glyph 356: medicine, disease, cures, treatments ... James Lind Library . fair tests of medical treatments ... difficulty of acertainment of facts ... rational discourse, methods of achieving ... vitamin c ... British Navy ... evidence based medicine


A Treatise of the Scurvy, by James Lind, 1753

a discovery ignored for forty years, possibly even by its discoverer

"James Lind and scurvy: a revaluation", by Michael Bartholomew, in Journal for Maritime Research


It has long been recognized that James Lind's Treatise of the Scurvy (1753) did not decisively settle the questions of the causes and the treatment of scurvy, despite its presentation of experimental evidence that seemed to prove the efficacy of oranges and lemons in the cure of scurvied seamen. The paper has two aims. First, by means of a close reading of the Treatise as a whole, it seeks to establish Lind's overarching theory of the disease and to show what part diet, and in particular, fruit and vegetables, play in this theory. It is argued that Lind believed scurvy to be a disease of faulty digestion, and that this conception of the disorder entailed no insistence on the unique efficacy of fruit and vegetables. Secondly, Lind's own clinical practice in the years following the publication of the Treatise is described. It is argued that Lind was not himself persuaded by his own experiments and that throughout his life he adopted a full range of treatments for the disorder, including treatments that did not involve the prescription of fruit and vegetables to his patients.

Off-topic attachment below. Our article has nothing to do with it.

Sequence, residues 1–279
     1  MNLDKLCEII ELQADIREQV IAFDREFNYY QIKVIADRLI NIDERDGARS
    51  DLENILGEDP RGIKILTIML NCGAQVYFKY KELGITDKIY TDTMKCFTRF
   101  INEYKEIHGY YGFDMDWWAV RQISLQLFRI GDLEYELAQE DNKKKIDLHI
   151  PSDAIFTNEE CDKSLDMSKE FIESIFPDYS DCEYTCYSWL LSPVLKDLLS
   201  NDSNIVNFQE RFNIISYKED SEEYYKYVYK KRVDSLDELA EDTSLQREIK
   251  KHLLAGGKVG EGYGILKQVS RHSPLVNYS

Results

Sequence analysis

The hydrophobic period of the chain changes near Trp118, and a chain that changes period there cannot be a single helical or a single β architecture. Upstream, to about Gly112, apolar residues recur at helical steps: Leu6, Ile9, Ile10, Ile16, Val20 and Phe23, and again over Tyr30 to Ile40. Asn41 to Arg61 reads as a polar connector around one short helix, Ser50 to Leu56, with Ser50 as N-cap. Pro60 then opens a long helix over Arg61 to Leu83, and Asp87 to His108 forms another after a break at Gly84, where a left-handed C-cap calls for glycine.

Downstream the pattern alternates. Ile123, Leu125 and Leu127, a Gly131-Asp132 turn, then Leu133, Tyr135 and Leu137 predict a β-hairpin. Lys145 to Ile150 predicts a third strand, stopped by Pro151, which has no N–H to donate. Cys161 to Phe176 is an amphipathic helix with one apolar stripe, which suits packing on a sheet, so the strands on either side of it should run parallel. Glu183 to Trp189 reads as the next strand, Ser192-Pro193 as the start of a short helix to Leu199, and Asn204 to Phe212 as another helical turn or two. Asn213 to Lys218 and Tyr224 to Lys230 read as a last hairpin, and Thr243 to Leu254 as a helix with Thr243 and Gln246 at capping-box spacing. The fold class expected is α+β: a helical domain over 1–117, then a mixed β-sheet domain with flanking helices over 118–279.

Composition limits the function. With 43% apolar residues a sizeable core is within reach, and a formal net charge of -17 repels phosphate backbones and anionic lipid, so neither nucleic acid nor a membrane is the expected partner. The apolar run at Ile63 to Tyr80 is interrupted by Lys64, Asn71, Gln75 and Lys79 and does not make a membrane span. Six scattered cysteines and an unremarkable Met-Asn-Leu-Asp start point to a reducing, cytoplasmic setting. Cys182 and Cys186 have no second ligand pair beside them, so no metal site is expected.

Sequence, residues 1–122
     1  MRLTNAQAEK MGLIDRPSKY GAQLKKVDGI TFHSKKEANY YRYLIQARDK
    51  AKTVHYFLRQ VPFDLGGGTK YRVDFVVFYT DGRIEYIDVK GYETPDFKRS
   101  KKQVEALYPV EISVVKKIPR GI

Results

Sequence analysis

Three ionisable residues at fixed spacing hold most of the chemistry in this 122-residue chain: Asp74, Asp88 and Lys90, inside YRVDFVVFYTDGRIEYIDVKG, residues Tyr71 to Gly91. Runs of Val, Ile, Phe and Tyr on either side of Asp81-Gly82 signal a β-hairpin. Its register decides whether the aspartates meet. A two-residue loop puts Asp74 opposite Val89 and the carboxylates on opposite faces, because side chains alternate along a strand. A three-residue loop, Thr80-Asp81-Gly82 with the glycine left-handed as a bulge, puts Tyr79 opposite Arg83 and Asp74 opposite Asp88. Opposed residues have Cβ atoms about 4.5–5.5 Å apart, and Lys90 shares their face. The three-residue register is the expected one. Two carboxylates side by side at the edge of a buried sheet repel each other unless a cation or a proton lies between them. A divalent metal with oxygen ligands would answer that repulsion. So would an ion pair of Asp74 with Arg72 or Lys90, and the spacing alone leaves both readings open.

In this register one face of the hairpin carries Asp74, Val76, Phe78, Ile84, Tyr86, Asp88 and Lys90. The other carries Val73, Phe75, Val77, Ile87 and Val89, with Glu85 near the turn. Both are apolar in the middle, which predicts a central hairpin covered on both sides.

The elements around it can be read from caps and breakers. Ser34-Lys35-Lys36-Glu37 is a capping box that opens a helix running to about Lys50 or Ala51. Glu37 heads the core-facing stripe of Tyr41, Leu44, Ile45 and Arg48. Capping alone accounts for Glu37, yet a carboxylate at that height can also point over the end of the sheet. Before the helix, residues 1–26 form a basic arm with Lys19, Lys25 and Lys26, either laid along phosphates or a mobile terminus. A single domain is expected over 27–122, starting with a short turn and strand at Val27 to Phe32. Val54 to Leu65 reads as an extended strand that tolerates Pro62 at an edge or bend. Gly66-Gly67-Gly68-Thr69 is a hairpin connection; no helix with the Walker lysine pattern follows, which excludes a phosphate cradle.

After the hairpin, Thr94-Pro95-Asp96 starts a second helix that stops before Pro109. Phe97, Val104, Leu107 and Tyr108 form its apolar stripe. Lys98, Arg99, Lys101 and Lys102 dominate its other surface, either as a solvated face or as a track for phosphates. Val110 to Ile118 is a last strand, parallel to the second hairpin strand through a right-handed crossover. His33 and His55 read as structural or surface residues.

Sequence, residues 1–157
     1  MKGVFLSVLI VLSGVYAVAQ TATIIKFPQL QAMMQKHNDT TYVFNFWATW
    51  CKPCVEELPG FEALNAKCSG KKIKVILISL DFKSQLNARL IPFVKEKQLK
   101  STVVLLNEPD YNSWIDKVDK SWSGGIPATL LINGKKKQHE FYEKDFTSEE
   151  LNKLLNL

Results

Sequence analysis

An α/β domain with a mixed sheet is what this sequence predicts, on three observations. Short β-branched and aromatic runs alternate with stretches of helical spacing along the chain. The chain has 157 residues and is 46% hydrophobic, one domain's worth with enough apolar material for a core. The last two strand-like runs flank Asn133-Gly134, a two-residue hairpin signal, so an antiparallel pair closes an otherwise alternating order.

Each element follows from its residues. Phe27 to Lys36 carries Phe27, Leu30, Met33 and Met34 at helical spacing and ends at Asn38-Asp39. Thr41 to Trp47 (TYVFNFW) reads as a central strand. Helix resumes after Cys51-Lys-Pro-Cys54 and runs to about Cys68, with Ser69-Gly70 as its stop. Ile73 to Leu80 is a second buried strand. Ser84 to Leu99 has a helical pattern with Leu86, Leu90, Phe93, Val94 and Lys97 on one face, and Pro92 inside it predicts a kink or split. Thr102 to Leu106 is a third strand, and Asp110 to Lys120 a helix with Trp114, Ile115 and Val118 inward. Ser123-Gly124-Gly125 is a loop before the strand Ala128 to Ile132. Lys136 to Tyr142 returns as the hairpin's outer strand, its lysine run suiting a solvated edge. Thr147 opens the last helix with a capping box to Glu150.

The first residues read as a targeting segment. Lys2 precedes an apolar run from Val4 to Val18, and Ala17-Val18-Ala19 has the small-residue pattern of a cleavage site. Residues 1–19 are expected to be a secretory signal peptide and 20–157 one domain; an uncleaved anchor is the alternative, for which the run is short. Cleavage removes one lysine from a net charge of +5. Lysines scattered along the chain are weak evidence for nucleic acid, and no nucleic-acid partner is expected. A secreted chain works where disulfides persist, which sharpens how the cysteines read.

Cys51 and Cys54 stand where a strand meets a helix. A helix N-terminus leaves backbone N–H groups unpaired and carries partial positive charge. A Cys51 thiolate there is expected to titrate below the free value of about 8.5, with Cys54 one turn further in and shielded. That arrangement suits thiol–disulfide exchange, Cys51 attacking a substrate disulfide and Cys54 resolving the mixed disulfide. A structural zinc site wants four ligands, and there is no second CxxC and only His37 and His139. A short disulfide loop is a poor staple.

The James Lind Library has been created to help people understand fair tests of treatments in health care by illustrating how fair tests have developed over the centuries.
November 16, 2006

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